Raising Horses and Raising Humans

Raising Horses and Raising Humans

“The number one thing with people and animals is patience. You have got to have a lot of patience in just every aspect of life.” 
Margey Givens, Mom and Ranch Owner 

Margey is a stay-at-home mom in Oklahoma, living life with her boyfriend and their son, Maverick. But her life is anything but the average stay-at-home life. They own horse stables. When Maverick made his debut in the world, the horses still needed their tending to, so Margey has turned to babywearing as her saving grace. 

“He's glued to my back 24/7. I have barn chores and duties that I have to tend to...We get up at 7:00 AM when we feed, and after I feed, I walk by every horse and let [Maverick] pet each and every one. He throws a fit if we miss one. I don't even know how he knows at such a young age that we missed that part.  

I didn't know how I was going to juggle it before I found baby carriers. I don’t even know if I would be able to still work with the horses.” 

But becoming a mom and watching her son experience her world from the vantage point of her back has been a surprising joy. “Life since I became a mom has been the funnest thing ever. And I do everything  that I can with Maverick, just carrying him, he gets to explore the world from my view just like a few inches behind me.” 

Can you ride a horse while pregnant? 

Riding a horse while pregnant can be risky, and it's important to prioritize the safety and well-being of both the mother and the developing baby. Horseback riding carries the potential for falls or sudden jolts, which can pose a danger to a pregnant woman and her fetus. Additionally, the motion and impact from riding can be uncomfortable, especially as the pregnancy progresses.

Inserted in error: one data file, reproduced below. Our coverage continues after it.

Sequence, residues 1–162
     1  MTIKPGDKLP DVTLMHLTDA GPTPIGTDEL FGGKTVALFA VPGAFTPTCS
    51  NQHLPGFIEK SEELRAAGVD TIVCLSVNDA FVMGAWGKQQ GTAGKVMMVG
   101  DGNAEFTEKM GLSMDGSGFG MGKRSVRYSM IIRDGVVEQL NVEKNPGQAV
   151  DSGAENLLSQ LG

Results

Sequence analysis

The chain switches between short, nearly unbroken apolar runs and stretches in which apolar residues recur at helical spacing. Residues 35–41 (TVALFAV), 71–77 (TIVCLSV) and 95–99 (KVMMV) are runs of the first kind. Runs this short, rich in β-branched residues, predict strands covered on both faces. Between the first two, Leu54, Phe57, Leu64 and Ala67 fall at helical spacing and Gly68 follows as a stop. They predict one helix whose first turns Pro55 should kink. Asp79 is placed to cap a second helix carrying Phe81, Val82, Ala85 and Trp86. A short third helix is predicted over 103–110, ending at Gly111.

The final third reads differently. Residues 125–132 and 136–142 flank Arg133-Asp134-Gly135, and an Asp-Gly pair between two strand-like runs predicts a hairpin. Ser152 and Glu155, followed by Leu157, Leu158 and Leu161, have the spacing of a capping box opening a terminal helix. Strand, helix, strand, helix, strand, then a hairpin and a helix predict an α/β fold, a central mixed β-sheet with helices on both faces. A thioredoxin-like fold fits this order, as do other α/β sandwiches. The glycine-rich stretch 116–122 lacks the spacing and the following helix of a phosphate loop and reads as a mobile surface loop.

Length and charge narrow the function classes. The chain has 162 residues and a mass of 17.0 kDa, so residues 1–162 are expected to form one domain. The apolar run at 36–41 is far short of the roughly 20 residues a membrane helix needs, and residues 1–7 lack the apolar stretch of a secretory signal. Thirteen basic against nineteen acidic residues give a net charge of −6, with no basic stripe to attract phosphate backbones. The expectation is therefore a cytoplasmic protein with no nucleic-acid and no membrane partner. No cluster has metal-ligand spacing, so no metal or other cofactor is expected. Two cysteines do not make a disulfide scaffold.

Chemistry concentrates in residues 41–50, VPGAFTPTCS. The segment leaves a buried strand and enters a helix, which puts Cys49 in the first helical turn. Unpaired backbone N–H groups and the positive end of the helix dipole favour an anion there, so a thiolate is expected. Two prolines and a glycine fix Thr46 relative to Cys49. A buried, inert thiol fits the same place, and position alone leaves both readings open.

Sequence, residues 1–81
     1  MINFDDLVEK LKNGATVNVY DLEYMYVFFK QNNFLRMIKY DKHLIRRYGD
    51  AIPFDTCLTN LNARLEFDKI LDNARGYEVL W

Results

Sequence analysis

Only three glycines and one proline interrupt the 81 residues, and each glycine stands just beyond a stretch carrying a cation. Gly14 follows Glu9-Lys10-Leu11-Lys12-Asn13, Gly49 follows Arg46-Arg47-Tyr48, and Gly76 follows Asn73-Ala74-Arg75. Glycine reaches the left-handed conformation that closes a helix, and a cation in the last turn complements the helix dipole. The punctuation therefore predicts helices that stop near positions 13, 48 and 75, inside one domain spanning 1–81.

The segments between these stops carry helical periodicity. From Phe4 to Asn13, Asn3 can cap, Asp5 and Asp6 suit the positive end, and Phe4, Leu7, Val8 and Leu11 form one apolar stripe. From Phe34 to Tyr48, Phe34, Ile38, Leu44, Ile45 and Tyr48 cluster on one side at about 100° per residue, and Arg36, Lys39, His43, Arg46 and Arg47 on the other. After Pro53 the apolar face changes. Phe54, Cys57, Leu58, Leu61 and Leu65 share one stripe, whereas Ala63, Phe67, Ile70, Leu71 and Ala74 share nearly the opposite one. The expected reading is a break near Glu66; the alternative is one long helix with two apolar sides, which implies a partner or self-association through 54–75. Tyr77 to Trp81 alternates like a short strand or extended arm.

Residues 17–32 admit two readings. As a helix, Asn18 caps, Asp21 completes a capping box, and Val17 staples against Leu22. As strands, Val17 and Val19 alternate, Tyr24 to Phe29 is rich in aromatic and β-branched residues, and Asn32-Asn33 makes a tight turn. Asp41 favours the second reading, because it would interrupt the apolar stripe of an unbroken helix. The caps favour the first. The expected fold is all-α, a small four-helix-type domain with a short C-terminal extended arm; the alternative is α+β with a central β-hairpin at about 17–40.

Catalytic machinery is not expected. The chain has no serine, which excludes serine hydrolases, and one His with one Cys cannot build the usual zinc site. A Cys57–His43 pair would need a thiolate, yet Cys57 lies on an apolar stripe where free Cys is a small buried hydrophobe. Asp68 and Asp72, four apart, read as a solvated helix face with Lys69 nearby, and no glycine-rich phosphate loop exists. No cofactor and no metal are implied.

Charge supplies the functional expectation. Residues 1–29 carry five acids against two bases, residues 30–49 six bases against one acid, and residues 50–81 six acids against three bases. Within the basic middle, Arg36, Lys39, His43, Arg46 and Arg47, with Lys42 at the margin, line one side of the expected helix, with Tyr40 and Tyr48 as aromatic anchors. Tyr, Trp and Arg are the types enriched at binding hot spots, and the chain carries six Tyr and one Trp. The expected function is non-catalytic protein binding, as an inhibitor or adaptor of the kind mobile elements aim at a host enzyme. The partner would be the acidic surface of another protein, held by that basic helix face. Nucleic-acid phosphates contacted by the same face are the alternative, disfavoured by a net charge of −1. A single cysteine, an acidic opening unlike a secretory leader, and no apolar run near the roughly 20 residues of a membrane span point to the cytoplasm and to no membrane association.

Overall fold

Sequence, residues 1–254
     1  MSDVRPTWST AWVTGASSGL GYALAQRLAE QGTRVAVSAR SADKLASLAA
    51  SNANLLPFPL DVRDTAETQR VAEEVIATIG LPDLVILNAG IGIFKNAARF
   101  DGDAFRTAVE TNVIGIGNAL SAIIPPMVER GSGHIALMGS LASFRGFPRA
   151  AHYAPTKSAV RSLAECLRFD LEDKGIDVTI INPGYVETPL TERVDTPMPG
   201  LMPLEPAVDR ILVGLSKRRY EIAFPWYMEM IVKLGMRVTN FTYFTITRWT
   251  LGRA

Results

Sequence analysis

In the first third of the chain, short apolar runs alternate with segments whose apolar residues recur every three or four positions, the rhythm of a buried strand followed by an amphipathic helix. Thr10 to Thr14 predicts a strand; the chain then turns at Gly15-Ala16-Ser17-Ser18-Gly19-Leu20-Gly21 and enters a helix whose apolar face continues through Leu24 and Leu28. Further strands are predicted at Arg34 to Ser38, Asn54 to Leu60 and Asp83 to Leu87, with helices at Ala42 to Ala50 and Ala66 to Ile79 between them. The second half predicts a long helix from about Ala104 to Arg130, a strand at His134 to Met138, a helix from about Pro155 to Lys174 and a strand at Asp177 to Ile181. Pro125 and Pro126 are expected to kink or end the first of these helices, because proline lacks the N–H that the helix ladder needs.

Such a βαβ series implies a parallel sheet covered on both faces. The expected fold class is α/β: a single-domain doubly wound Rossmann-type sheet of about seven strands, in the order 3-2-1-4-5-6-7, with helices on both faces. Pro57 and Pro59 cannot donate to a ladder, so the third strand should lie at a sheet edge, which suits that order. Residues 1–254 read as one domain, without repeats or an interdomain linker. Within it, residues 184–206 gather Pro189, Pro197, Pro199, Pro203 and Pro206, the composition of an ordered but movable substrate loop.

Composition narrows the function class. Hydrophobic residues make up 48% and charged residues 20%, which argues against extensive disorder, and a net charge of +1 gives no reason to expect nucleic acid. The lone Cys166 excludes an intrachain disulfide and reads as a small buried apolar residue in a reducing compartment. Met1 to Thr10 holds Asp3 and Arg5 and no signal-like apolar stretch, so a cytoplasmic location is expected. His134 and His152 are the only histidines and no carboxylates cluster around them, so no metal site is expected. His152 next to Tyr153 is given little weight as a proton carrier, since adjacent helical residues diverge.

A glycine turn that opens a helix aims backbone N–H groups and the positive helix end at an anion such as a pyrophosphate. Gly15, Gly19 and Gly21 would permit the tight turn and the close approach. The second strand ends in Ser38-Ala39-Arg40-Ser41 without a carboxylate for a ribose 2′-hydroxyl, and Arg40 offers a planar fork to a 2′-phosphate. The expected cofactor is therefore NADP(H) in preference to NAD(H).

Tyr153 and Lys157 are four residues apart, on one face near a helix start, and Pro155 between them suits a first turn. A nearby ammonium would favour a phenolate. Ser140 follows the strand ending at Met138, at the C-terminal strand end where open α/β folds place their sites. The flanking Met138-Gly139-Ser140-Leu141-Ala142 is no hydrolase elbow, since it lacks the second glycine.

It is generally recommended to avoid horseback riding during pregnancy, especially if you are not an experienced rider. If you are an experienced rider and choose to continue riding during pregnancy, it is crucial to consult with your healthcare provider for personalized advice and to take necessary precautions, such as wearing appropriate protective gear, riding a well-trained horse, and avoiding risky activities or jumps. 

Ultimately, the decision to ride a horse while pregnant should be made in consultation with your healthcare provider, who can assess your individual health, the specific circumstances, and provide guidance based on your unique situation. 


Animals as Companions 

Margey bred one of her mares and not long after the mare became pregnant, Margey found out she was pregnant too. The horse was born in early 2022 and Maverick a few months later. “They’re best buds. That horse used to just follow me around, and I think he was following me around waiting for this baby to come out. And now they're just like, the best buds. He'll lay down with him in the grass and all kind of stuff.” 

Maverick is more than just a best bud to his horse, that Margey jokes is like the puppy dog that most other kids get when they’re a kid. Maverick has also become a clever tool to bring horses where they need to go, when they otherwise don’t want to listen.